What you need to know
- Intel had two new dual-screen laptop prototypes to show off at Computex 2019.
- Codenamed Honeycomb Glacier and Twin Rivers, both prototypes take different approaches to the dual-screen idea.
- While Intel is a chip maker and won't ship these devices themselves, they're meant to act as ideas for PC makers like Dell and HP to experiment with.
Intel is no stranger to prototyping dual-screen devices; the company dipped its toes in the water with its Tiger Rapids device at Computex 2018. At Computex 2019, however, the company came armed with two new prototypes that take pretty different approaches to the dual-screen concept.
Engadget got some hands-on time with both prototypes, dubbed Twin Rivers and Honeycomb Glacier, respectively. The Twin Rivers concept is almost entirely focued on taking full advantage of twin displays, with one fully replacing the area where the keyboard would normally lie. Honeycomb Glacier, meanwhile, is a little more focused on gaming with a design that appears strikingly similar to ASUS' new ZenBook Pro Duo, but with the added ability to prop both displays up with an extra hinge.
On Twin Rivers, Intel opted to go with two 1920x1280 screens that can be configured like a traditional convertible, rotating between laptop mode and tent mode. And while you can type on the bottom screen with a virtual keyboard, Intel has also created a thin Bluetooth keyboard that can be placed on top of the bottom screen when you need to get some work done. The bottom screen also makes use of a digital trackpad for controlling your mouse cursor.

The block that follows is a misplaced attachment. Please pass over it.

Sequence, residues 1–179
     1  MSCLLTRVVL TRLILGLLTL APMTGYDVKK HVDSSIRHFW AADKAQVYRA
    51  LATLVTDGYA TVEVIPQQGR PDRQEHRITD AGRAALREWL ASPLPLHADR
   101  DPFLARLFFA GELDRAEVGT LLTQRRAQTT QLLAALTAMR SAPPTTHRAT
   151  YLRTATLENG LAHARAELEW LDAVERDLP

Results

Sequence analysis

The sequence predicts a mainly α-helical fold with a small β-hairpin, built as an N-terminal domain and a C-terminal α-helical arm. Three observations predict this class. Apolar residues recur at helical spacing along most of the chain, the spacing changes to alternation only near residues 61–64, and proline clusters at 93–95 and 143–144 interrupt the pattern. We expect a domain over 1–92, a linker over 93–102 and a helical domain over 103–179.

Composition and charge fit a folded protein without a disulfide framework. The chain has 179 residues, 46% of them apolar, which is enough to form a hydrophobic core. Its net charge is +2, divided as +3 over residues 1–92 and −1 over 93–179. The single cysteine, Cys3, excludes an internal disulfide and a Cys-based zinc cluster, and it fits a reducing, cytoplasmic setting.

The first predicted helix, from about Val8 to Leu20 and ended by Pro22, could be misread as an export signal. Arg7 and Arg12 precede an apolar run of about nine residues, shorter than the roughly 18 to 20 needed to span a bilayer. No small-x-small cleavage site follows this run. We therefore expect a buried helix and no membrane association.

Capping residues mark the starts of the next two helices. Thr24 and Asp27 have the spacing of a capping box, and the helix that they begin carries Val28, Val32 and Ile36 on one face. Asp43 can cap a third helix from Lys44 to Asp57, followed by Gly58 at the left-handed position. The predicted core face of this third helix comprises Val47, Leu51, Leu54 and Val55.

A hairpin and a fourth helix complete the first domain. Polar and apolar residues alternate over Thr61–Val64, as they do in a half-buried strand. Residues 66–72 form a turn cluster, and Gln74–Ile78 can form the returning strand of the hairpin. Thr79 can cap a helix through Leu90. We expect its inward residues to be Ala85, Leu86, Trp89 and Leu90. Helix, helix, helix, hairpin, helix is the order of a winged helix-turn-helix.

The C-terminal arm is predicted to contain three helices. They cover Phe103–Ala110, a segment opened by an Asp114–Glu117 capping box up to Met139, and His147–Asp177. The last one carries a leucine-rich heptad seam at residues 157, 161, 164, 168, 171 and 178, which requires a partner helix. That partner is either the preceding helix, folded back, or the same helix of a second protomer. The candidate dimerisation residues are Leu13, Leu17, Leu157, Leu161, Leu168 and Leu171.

Impressively, Twin Rivers is wrapped in a fabric covering that Engadget says "makes the device feel like it has a book cover." When you hold the device in portrait orientation, Engadget says that the screens adjust to mimic a book as well, with Intel showing the feature off with a comic book reader and recipe app.
The Honeycomb Glacier prototype, meanwhile, very much looks like a traditional laptop at first glance. You've got the main 15.6-inch display, but Intel has also added a 12.3-inch display just above the keyboard. Developed with gamers in mind, Intel showed off how gamers could play on the main screen while keeping chat apps like Discord or streaming apps up on the lower screen. Intel also makes clever use of Tobii eye tracking to monitor where your eyes are and transition keyboard input to the apps you're looking at.
What really stands out with Honeycomb Glacier, however, is its second hinge. The main hinge is still used to open and adjust the primary display. A secondary hing, however, sits just below the second screen, allowing you to prop both displays up from the base of the laptop. This has the effect of bringing each display closer to you while making the secondary display a little easier to glance at.